Moeen Ali took his eye off Mohammed Shami's low bouncer and was caught out by Shikhar Dhawan for 14, before Matt Prior was controversially awarded out, caught behind on 5 off Kumar.

The umpire believed Prior edged the ball, but replays showed it missed his bat and clipped his back leg. Consistent with India's longstanding policy on the issue, reviews were not available to the teams.

There were a few frustrated players in our dressing room but we've got to get on with it, Root admitted. Until the ICC make it mandatory for every team to use it, we can't really complain about it.

Kumar struck again in the same over as Prior's dismissal when Ben Stokes edged to Dhoni for a two-ball duck.

And it was Kumar who led the way for India's attack after tea, not only taking the crucial wicket of Broad but following it up by bowling Liam Plunkett for seven.

But Anderson, alongside Root, dug in and prevented India's attack from maintaining its earlier momentum. Root brought up his fifth test 50 with a single at deep backward cover from Kumar and finished the day on 78 unbeaten, while Anderson is 23 not out.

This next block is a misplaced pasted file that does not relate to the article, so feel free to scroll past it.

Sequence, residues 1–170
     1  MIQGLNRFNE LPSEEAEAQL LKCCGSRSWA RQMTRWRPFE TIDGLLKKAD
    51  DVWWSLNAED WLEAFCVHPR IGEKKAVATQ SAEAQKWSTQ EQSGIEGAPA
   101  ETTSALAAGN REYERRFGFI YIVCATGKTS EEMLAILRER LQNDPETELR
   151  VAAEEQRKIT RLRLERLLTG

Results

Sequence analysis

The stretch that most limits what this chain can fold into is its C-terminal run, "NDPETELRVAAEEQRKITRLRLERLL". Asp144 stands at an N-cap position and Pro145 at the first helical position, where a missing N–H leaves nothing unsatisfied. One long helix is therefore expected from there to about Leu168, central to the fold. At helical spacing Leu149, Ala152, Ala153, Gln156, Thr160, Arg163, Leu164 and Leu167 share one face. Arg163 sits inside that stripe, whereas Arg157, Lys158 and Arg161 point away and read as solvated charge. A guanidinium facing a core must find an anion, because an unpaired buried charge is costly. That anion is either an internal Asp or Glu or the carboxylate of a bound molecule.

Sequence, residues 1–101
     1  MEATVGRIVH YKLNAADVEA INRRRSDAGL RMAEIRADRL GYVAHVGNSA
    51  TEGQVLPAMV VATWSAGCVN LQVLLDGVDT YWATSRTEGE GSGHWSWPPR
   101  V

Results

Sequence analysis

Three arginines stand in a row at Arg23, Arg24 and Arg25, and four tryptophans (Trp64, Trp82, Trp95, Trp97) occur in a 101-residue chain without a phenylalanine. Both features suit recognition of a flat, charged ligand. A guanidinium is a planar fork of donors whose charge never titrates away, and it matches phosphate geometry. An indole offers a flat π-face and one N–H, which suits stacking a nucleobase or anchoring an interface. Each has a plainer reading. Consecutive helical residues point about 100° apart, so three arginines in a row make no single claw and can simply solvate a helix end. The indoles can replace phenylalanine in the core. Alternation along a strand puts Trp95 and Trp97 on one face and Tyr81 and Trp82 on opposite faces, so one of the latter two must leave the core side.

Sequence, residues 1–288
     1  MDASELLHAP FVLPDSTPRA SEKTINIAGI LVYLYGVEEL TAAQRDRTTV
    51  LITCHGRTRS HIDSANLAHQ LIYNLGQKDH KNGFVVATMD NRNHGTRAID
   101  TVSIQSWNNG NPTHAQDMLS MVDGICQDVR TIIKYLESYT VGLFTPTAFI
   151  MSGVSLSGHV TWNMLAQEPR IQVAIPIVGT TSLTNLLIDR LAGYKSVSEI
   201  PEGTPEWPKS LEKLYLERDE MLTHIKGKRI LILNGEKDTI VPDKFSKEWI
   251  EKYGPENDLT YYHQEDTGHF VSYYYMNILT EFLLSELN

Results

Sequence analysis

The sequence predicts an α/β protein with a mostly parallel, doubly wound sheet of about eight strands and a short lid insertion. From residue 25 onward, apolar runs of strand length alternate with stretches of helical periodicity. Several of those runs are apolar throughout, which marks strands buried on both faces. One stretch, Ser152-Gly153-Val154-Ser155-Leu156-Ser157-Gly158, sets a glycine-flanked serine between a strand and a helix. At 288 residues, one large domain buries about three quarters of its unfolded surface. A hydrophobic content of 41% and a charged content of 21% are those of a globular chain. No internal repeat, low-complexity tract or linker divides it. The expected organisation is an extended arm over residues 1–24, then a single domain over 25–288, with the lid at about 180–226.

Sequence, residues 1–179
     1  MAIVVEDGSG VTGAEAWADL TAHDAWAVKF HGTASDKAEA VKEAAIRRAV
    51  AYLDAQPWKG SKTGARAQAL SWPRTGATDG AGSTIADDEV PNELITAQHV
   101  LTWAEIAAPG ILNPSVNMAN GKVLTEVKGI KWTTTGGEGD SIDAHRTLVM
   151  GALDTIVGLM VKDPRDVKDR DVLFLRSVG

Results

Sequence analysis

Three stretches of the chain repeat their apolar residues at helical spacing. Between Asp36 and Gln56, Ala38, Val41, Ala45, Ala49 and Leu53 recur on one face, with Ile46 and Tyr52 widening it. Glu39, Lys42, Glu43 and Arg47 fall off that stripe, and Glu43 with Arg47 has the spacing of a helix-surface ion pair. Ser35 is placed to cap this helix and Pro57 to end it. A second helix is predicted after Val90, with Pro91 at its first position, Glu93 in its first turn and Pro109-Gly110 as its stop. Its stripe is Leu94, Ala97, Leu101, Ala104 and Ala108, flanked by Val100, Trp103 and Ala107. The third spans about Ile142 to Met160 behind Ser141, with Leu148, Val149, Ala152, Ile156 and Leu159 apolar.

The duo will aim to surpass India's own last-wicket stand of 111 in the first innings, but overcast conditions have meant Kumar and Shami have found more swing in the flat pitch than Anderson and Broad were ever able to.

We've got to learn quickly at this level, Root said. We will turn up tomorrow and really grind them down on the field.

Gavaskar’s 65th birthday celebrated******Cricket

Gavaskar’s 65th birthday celebrated

Special CorrespondentMumbaiJuly 12, 2014 00:33 ISTUpdated:November 16, 2021 19:02 ISTSpecial CorrespondentMumbaiJuly 12, 2014 00:33 ISTUpdated:November 16, 2021 19:02 IST